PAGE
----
Google announced Play for Education at Google IO, its annual developer event, this spring. Today the educational tablet initiative gets its official launch.
During its recent quarterly earnings report, Apple boasted that iPads have 94% of the education tablet market. It’s an impressive statistic, and not simply because Apple has almost entirely squeezed out all competitors since iPads first hit stores in the spring of 2010.
Apple’s continued dominance is impressive because iPads remain the more expensive tablet option, and – go ahead, ask any educator who has to manage tens or hundreds of devices for a school – they simply aren’t designed for school usage. Device administration – provisioning, syncing – is a challenge. Buying and installing apps, a pain in the ass.
In other words, iPads aren’t the ideal solution for schools. Not even close. But folks – lots and lots of folks, clearly – remain convinced they’re the best solution available.
It certainly hasn’t hurt Apple that its competitors have stumbled – fabulously – with their tablet rollouts. Microsoft tried to give away its tablet to all the attendees at ISTE’s annual conference in order to stir up educator interest, but ended up posting a $900 million loss due to “inventory adjustments” when Surfaces simply didn’t sell. Amplify, News Corp’s education wing, won a major deal with a North Carolina school district which bought $30 million worth of its tablets. But just a few months into the school year, the district has already recalled and returned the devices after widespread reports of broken screens and faulty chargers.
Apple can say glibly that their computers “just work,” and we all know it’s not quite that simple. They don’t always. Not really. But really, they often “just work” so much better than the alternative.
Despite Apple’s near monopoly of the education tablet market today, there is plenty of room for competition, particularly as more and more schools look towards 1-to–1 computing solutions (a result, in no small part, of the new Common Core State Standards’ requirement for computer-based standardized testing by 2014). Not everyone is going to "go Apple," particularly when so many have already "gone Google" with their cloud-based software.
Google's Play for Tablet-Based Education
And with that, we have Google’s unveiling today of its “Google Play for Education” – its play, pardon the pun, for the education tablet market, its Android-based store and tablet "solution."
There’s a fair amount here that other app stores – Apple iTunes, no doubt – already offer: the ability to find apps based on grade level and content area, for example. Google’s new app store also makes it possible to search for apps by a specific Common Core State Standard, a feature that isn't really too surprising considering the big ed-tech push to align apps and textbooks thusly. Google's app store also highlights apps that are ad-free and that are teacher- and/or Google-approved. (I can't help but think here, you’re meant to believe that there’s an educator's hand, not just a corporation -- cough cough Apple -- involved in what’s been approved for inclusion in the store.)
But most importantly -- most importantly practically -- Google has streamlined the app procurement process, making it much simpler for educators to buy apps with funds from multiple or different purchase orders and/or school and/or personal credit cards. That's step 1.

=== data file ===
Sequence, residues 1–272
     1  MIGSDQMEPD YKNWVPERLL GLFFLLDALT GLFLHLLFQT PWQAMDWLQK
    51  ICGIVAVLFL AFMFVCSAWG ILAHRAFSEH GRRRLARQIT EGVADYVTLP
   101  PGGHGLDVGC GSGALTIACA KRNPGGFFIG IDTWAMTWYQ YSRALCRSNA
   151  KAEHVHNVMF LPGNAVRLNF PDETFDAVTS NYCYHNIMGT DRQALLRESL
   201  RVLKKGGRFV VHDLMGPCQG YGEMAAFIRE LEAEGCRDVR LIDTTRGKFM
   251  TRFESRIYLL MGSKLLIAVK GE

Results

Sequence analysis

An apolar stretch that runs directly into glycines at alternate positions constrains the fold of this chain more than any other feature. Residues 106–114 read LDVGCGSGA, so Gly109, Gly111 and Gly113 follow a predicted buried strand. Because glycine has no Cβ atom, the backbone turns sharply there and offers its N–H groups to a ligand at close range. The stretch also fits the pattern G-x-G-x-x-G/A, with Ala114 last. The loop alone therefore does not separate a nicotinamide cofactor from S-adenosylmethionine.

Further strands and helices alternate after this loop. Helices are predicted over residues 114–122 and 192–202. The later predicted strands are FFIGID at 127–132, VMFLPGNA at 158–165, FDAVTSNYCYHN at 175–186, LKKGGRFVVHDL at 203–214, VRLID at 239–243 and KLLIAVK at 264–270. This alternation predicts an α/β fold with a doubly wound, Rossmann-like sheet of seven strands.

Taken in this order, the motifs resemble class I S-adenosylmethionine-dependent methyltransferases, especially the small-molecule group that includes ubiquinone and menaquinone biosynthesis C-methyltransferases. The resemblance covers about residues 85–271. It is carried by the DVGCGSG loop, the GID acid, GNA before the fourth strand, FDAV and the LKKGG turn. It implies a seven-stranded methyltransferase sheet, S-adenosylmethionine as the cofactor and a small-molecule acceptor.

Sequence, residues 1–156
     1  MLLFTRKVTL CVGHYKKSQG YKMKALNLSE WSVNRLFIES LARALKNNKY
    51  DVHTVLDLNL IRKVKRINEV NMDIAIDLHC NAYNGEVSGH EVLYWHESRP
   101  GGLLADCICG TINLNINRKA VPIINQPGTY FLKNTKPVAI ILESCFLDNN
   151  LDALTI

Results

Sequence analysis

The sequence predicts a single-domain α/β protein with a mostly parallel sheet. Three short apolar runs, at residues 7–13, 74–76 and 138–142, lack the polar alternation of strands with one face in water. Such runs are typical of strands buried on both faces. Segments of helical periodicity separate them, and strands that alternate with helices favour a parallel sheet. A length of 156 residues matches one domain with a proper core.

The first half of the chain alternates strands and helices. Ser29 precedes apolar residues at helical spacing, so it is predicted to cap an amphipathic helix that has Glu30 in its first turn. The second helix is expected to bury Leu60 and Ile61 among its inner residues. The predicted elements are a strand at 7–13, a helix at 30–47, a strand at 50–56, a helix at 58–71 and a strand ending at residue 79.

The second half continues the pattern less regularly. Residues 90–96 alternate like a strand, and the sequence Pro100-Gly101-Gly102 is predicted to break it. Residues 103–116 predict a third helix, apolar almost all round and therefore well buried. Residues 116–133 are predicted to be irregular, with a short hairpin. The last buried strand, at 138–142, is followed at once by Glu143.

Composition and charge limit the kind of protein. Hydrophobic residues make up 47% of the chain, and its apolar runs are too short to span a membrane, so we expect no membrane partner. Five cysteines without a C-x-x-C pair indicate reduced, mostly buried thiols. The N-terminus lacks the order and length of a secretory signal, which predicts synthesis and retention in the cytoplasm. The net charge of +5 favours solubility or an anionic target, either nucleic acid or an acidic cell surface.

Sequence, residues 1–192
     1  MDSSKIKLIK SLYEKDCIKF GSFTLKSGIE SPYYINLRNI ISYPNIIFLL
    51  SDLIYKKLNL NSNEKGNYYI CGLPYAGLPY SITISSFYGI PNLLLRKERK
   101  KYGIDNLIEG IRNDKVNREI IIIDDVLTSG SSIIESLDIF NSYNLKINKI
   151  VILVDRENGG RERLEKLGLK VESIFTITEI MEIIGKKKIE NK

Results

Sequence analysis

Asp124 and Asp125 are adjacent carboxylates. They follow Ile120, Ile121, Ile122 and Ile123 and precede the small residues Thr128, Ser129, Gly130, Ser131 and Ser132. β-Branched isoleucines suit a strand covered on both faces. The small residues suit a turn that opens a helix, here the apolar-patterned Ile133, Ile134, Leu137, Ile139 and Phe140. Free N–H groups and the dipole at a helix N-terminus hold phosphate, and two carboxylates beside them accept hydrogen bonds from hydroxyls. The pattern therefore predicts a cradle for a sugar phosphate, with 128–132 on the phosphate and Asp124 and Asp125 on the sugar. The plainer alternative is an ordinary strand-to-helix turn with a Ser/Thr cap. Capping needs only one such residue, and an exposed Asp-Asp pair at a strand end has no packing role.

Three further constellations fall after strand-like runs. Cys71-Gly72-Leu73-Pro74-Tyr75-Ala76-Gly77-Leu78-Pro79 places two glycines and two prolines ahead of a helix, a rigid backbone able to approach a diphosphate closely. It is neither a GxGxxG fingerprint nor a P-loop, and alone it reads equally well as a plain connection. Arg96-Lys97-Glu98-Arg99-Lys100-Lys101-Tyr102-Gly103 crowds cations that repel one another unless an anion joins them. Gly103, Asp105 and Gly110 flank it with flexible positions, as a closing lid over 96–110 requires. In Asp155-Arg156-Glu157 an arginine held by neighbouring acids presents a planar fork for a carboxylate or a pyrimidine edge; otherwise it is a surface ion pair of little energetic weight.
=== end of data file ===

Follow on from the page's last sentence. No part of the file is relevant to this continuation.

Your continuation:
And then – oh! – the provisioning process.
As all of this is connected to a Google admin account, the system will prompt educators if they haven’t bought enough licenses for a class (Google knows how many students are in your class. Because Google knows).
Once that’s squared away and the proper number of apps have been purchased for the right number of devices, tap the administrator tablet to the student tablet and the device will be set up. Set up with the proper apps purchased for that student and, of course, associated with the proper Google Apps for Education account. The tablet is set up for the student, not just for a student.
The tap-to-install features, alongside the streamlined app purchasing process, means that teachers can – ostensibly, of course – buy and install apps during a class period. That is, if all the paperwork and payments are in order with Google HQ, a teacher can purchase and install apps for their class on the fly, rather than submitting a request with the front office to buy an app and/or gathering up all their students’ devices so that IT can commence a mass-installation process.
But again, it’s all part of a larger Google Apps administration. And there are trade-offs there as there are with any of these solution-providers. But for many schools that will lean towards an Android tablet solution, these are trade-offs that have already been made when schools "went Google."
The new Google Play for Education will be offered via three tablet options: the Nexus 7 which is available at launch today, along with an ASUS Transformer Pad and the HP Slate 8 Pro which will be available early next year. The price starts at $229 per tablet with a $30 per tablet management fee.
It’s a price point that’s certainly very competitive with Apple and with many of the tablet competitors out there. And no doubt, Google hopes to leverage those schools already using its Google Apps for Education software for either its Android or its Chrome OS hardware.
The search giant has been promoting Chromebooks for a couple of years now as a Web-oriented, cloud-based alternative to tablets. But now that schools seem so keen to adopt tablets, Google is hoping to serve that market too, thanks to its investment in Android. Out of beta today, Google Play for Education has a lot of the pieces in place to do that – it’s just a matter now of waiting for the developers (Apple still wins the numbers game here) and, of course, the hype and the actual customers to follow.